But some stand out for their uniqueness, their intrigue, or their ability to expand our knowledge about previously unknown aspects of our history. Here we feature ten such artifacts. We have intentionally chosen not to feature well-known artifacts such as the Antikythera Mechanism, Baghdad Battery, Viking Sunstone and many other famous relics.
Maugh II Times Staff Writer Archeologists excavating a 2,year-old Maya city in Guatemala have unearthed buildings and massive carvings indicating the presence of a royal metropolis of more than 10, people at a time when, scientists had previously believed, the Maya were only simple farmers.
New studies at the Cival site in the Peten jungle have unearthed the oldest known carved portrait of a Maya king and two massive stone masks of the Maya maize deity, discoveries indicating that the Maya developed a complex and sophisticated civilization hundreds of years earlier than previously believed.
The city of towering pyramids and sweeping plazas is yielding other surprising artifacts, including jade and ceramic offerings to the gods that may mark the beginnings of the Maya dynasties, Vanderbilt University archeologist Francisco Estrada-Belli said Tuesday during a National Geographic news - web sites Society telephone news conference from Washington.
Estrada-Belli "is pushing back the time for the evidence of Maya state institutions by several centuries," said archeologist Elsa Redmond of the American Museum of Natural History in New York. But other Preclassic sites have been built over, often repeatedly, rendering interpretation of the findings problematic.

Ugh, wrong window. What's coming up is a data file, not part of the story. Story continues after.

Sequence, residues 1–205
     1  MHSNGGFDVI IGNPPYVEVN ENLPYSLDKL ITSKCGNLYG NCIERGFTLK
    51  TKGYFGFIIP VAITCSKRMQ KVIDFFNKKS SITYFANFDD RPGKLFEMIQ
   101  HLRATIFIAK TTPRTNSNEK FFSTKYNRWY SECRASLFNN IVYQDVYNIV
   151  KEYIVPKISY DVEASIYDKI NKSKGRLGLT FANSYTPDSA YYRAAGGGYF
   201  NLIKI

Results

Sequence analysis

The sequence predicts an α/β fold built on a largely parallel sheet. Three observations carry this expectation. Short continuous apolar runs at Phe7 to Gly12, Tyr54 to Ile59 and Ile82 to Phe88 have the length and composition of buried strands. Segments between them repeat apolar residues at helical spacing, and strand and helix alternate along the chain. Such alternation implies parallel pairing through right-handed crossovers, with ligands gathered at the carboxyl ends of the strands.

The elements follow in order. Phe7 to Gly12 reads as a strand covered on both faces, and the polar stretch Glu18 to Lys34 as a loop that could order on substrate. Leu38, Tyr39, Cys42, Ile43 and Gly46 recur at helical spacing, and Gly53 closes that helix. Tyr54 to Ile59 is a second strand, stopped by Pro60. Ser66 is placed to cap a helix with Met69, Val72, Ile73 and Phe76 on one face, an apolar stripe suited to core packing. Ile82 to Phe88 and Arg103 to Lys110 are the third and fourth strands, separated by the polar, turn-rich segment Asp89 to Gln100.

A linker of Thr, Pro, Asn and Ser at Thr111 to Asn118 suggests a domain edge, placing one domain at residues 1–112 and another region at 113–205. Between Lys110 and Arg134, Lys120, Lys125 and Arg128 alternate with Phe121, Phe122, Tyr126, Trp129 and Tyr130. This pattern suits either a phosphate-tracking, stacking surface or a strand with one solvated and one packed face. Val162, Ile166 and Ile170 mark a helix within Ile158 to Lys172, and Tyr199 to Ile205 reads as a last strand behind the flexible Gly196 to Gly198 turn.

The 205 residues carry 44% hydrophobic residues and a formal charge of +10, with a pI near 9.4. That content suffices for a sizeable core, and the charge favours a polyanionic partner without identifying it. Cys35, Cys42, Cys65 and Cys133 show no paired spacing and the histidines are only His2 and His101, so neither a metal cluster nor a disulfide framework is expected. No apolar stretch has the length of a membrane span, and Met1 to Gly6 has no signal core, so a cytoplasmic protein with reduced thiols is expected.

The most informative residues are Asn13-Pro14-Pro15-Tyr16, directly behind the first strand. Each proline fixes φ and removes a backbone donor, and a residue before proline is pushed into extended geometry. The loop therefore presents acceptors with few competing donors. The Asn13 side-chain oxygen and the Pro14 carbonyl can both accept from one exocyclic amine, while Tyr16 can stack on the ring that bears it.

Cival, for reasons that are not clear, was abandoned about AD"never to be occupied again," Estrada-Belli said, and has lain relatively untouched since. And because it was preserved, it is now clear that 'Preclassic' is a misnomer," he said. The new evidence shows that "Preclassic Maya societies already had many features that have been attributed to the Classic Period?
The origin of the Maya civilization has to be found in the first part of the Preclassic period, rather than the last part. Most of the site was overgrown by jungle, however, and Graham's team thought it was a minor outpost.
Estrada-Belli has been studying the nearby Classic Period city of Holmul and was using satellite imaging and global positioning systems to explore the surrounding area when he rediscovered Cival four years ago. Estrada-Belli and his colleagues have been digging there with support from the National Geographic Society.
Their findings and those of others studying the Preclassic period are the subject of a National Geographic documentary, "Dawn of the Maya," which will air May 12 on PBS.
The most spectacular find at Cival occurred by accident. Estrada-Belli reached into a fissure in the wall while examining a dank looter's tunnel in the city's main pyramid and came into contact with a piece of carved stucco that felt like a snake or a mustache.
Digging into the site from the other side of the pyramid, he discovered a byfoot stucco mask. The one visible eye was L-shaped and the mouth was squared, with snake's fangs in its center.